Mid-March is probably one of the best times to visit Carlisle, a picturesque seaside town in the West Midlands of England. Our sample trip, for our March visit, was during the Easter breaks, when the town has been treated to the Village Marathon, a 2.1 mile (3.8 km) course around the seafront itself.
Can the UK be a world-class destination
Although not as famous as Cannes or Amsterdam, the UK rightly claims to be a world-class destination for the arts and culture, and Carlisle is a great example of this. We had a great time at the arts center, the National Exhibition Centre, located on Hilton Road, very close to the town center itself.
The center hosts a large collection of famous collections, including the Worth Wollens studio portraits of classical greats, decorative arts, and photography collections. The gallery also hosts an annual extravagance art prize that is awarded to a UK-based photographer.
Although we didn’t have the opportunity to explore the rest of the city, a casual survey of the city revealed some interesting areas: St Philips Hospital, for example, has a fascinating affiliation. The National Trust for Scotland has an open-air theatre site that has been used since the 1860s when it became the heart of the nearest areas surrounding Carlisle. Visitors can enjoy a hot cup of tea or coffee, a place to rest their legs before they step inside to explore the hospitals’ physical space.
Other places worth to visit
Also well worth a visit is the French fresco cycle in St Phillips’s church, where a cycle from 1680s France stands out boldly against the backdrop of Carlisle’s modern buildings. Church of the Holy Trinity, an Alsatian cathedral founded in 1305, has captivated visitors for centuries, making it one of the most popular attractions in the city.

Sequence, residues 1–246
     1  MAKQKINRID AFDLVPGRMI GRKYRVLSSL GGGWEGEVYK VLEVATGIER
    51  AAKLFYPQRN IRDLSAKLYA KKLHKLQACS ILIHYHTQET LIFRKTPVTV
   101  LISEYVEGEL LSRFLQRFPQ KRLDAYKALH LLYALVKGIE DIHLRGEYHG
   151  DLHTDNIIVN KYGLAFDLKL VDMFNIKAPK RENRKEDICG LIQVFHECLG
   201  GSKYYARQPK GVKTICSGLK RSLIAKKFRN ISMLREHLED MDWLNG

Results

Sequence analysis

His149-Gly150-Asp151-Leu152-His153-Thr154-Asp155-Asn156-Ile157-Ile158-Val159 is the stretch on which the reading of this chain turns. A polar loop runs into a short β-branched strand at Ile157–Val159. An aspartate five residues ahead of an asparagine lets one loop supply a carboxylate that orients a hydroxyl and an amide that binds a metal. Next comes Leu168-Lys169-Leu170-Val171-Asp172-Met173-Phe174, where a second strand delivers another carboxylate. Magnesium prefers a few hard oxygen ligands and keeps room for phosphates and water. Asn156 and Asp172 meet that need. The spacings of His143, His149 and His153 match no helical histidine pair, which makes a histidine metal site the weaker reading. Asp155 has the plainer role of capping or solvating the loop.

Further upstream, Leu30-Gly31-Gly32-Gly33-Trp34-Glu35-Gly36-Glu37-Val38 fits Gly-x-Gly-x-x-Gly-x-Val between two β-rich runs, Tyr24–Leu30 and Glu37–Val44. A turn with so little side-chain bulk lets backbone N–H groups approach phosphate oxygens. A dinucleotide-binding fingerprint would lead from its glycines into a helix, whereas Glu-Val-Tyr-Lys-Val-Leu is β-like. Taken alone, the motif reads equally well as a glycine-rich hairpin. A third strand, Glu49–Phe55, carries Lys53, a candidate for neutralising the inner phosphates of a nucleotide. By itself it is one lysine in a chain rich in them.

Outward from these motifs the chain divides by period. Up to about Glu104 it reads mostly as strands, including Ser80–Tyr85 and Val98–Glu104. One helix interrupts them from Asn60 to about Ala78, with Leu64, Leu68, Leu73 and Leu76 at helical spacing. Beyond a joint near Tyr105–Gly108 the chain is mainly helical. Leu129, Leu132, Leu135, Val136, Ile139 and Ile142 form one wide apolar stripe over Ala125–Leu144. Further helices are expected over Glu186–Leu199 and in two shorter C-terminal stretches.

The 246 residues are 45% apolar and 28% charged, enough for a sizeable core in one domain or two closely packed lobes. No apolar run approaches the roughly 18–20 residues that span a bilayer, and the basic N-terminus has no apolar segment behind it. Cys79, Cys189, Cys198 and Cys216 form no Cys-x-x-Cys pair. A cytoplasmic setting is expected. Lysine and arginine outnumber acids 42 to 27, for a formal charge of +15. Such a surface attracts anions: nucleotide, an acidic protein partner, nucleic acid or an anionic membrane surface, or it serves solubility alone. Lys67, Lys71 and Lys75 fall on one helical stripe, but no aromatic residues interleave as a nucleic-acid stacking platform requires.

Carlisle is also famed for its shopping opportunities. The Centre in the shopping center is known locally as the Victoria Centre. Once the largest in England, it is now only the second-largest outside of London. The other main shopping center in the city is Stocksbridge, which is at the opposite end of the town to the north of the cable car. Shopping in Carlisle tends to be more classic than contemporary, and although the Ellery shops do have a more modern style, they usually include a traditional range of shops such as to Ascot or jewelry stores. The ideal day here is overflight as you can watch the world go by below – great value lunches and really good wine in one of the south uplifting bars.
The superb Georgian buildings are very popular and efficient bus tours are offered throughout the day, revealing the lesser-known passages and hiding gardens. The more active can power up at the St Bernard’s Yoga Studio for some yoga, sheets to riding like the pros at the Betbury Fun Track.
For over 500 years, Carlisle was the trading center for the bordering countries of England and Ireland. The dethroned Saxon invaders landed here in AD79, and it took them nine years to build a fort here. It was a British fort until 1204 when it became the shared border between the provinces of Cambridgeshire and shire. The fort is now a picturesque ruin, but no less interesting for that. You can visit the relatives of the man who built it, wander through the ruins, and even climb a tower.
The closest dips in the water are at Hawley Bay, Pitrac Flats, and Marblehead, all around the beautiful National Trust coastline.
Visit Wales as well
Wales might never have been a nation without its own surfing culture, but there are notable examples of surfing in Wales. From monsoon-like conditions around Gower to wet weather in the dramatic Morfa Bychan, to Teaching Gorge in the Shropshire Hills, there is plenty in the way of surfing to experience while in the country.
From monsoon-like conditions around Gower to wet weather in the dramatic Morfa Bychan, to Teaching Gorge in the Shropshire Hills, there is plenty in the way of surfing to experience while in the country.
The coastal areas of Wales are well known for their spectacular and impressive shorelines. You’ll find that Cardiff, Llanddywn, and Pembrokeshire are not only scenic areas of coastline to surf but are also hugely popular places of year for surfers from all over Europe.
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